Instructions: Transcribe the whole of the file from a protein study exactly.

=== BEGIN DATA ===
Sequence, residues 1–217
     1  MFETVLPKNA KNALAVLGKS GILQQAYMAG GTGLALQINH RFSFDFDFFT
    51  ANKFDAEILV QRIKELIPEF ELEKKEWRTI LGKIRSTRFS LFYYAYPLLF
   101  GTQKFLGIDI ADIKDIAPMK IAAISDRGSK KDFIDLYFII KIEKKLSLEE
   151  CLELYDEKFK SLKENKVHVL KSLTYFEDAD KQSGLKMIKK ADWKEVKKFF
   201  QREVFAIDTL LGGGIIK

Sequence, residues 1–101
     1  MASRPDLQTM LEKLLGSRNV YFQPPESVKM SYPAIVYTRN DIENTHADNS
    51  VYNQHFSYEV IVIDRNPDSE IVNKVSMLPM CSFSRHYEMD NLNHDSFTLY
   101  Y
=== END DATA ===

Sequence, residues 1–217
     1  MFETVLPKNA KNALAVLGKS GILQQAYMAG GTGLALQINH RFSFDFDFFT
    51  ANKFDAEILV QRIKELIPEF ELEKKEWRTI LGKIRSTRFS LFYYAYPLLF
   101  GTQKFLGIDI ADIKDIAPMK IAAISDRGSK KDFIDLYFII KIEKKLSLEE
   151  CLELYDEKFK SLKENKVHVL KSLTYFEDAD KQSGLKMIKK ADWKEVKKFF
   201  QREVFAIDTL LGGGIIK

Sequence, residues 1–101
     1  MASRPDLQTM LEKLLGSRNV YFQPPESVKM SYPAIVYTRN DIENTHADNS
    51  VYNQHFSYEV IVIDRNPDSE IVNKVSMLPM CSFSRHYEMD NLNHDSFTLY
   101  Y